"You hired me to take care of your son," she replied, glaring at the man. Raising her chin, she silently dared him to do something about it. "And I care both about his physical and emotional well-being." She began to pace in front of his desk, trying to gather her thoughts before letting loose with all of her worries.
"Miss Handa," he said with a sigh, not knowing why he was being so patient with this woman. If it had been any other employee, they would have been fired by now. He moved around the desk to go to her. Grasping her by the upper arm, reluctantly noticing how soft her skin was, he forced her to stop.
"You don't hug Rahul," Geet blurted out. Maan gazed at her mutely. "Forget about hugging," she continued, "but you don't even touch him. Where is the affection ' that relationship that a father and son should have?" she demanded, gazing into his eyes. Maan merely tightened his lips and raised an eyebrow at her.
"Don't raise your eyebrow at me," Geet said frustration, poking at him with the finger of her free hand. "He wants to be just like you," she continued. "He talks like you. He walks like you. He behaves and dresses like you. And do you have any idea how hard it is to have him say please and thank you when the man he idealizes doesn't?" she demanded from the silent man, pulling away to pace once more.
"That is your job," Maan got out through gritted teeth. His patience had quickly faded away at the continued presumption of this woman.
"He wanted to come here today, because he wants to work here one day. He wants to be a boss of Khurana Constructions, Just like his daddy," Geet said softly. "And then, when he came here, what does he see? Pictures from which he is specifically excluded?" Geet asked, pointing at the frames on the desk.
Maan stared at the photo frames, distracted for a moment before turning back to glare at the woman that continued to rant in front of him. The fiery anger and resentment began to grow inside of him. How dare this woman talk like this to him? She was a mere employee! What right did she have to say things that no one had dared to say? What right? What did she know? He clenched his hands, trying to rein in his anger. He knew that if he let loose with the anger that had been roiling inside of him for such a long time, it would be destructive. And he didn't want to hurt this woman. He just wanted her to shut up!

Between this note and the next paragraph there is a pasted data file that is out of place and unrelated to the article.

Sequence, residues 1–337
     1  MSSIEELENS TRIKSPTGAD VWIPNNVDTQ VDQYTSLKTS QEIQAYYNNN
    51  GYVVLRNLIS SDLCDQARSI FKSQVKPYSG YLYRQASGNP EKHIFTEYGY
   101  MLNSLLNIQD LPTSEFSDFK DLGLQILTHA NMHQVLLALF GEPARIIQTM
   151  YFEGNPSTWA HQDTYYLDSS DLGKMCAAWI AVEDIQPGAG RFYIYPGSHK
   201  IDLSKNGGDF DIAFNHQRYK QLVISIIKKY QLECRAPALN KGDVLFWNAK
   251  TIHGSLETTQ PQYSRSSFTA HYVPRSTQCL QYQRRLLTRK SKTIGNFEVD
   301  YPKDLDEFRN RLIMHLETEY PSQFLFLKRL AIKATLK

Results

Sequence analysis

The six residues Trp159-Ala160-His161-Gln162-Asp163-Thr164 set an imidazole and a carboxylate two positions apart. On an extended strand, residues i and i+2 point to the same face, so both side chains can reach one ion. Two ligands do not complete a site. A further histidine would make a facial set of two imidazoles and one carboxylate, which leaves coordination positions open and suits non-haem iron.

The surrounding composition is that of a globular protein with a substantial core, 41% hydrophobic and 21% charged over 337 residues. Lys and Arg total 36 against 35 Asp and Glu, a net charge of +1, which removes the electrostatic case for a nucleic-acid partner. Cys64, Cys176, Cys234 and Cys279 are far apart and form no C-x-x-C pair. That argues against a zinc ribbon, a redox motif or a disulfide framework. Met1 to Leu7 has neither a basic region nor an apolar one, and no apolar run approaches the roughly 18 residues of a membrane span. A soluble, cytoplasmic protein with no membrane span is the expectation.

"Answer me," Geet demanded. "You love him, right? I'm sure you love him. Maybe you just don't know how to show it," she said, stopping in front of him. She gazed at him closely. "You must love him. He's your son."
"That's just it, Miss Handa," Maan said hoarsely, the words forcing themselves out past the knot that had grown in his throat.
"What's just it?" Geet snapped back, frowning at the man in front of her in confusion.
"Maybe I don't love him," he said ruthlessly, forcing himself to change tack.
Geet fell back at the shock from that revelation, disappointed beyond belief by his words. Why did she care so much? What did it matter? Why had she expected any more from him? He was a horrible, horrible man. She swallowed, trying to dislodge the lump that had grown in her throat.
"What kind of man are you?" she asked.
There was a long silence between the two. Tears appeared in Geet's eyes, as she tried to grapple with the cold reality of this man.
"How can you ... how can you not love your own flesh and blood?" She looked at him as if he was scum, as if he was something that had crawled out from under a rock.
"But you see, he's not," he replied, tired of the accusations her eyes were throwing at him. He was tired of the hurt he saw in her eyes. What right did she have to be hurt?
"Not what?" Geet asked helplessly, beginning to turn away. She was no longer interested in his words. What did she care about what he said next? Her poor Rahul. No wonder he was so insecure and unhappy. No wonder he was so desperate for his father's approval.
"Rahul isn't my flesh and blood," he ground out, angry at himself for this defense.
Geet whirled around to stare at him, shocked to the core by his words.
"He's the product of one of the many affairs my wife had before she left us, Miss Handa."
Hey everybody, just wanted to thank you all for taking the time to comment. I'd love to hear from all my readers on what they think of this chapter. For new readers, if you would like PMs, please buddy my PM username: darkice7_12PM. I do not send PMs from this username.